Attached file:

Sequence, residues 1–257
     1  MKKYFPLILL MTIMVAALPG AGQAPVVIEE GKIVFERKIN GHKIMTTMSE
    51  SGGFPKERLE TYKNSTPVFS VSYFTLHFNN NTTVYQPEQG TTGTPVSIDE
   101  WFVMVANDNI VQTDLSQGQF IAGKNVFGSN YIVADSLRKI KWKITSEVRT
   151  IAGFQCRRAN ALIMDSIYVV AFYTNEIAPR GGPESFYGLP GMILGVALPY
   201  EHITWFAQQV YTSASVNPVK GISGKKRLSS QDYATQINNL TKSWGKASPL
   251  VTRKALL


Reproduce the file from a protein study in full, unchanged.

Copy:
Sequence, residues 1–257
     1  MKKYFPLILL MTIMVAALPG AGQAPVVIEE GKIVFERKIN GHKIMTTMSE
    51  SGGFPKERLE TYKNSTPVFS VSYFTLHFNN NTTVYQPEQG TTGTPVSIDE
   101  WFVMVANDNI VQTDLSQGQF IAGKNVFGSN YIVADSLRKI KWKITSEVRT
   151  IAGFQCRRAN ALIMDSIYVV AFYTNEIAPR GGPESFYGLP GMILGVALPY
   201  EHITWFAQQV YTSASVNPVK GISGKKRLSS QDYATQINNL TKSWGKASPL
   251  VTRKALL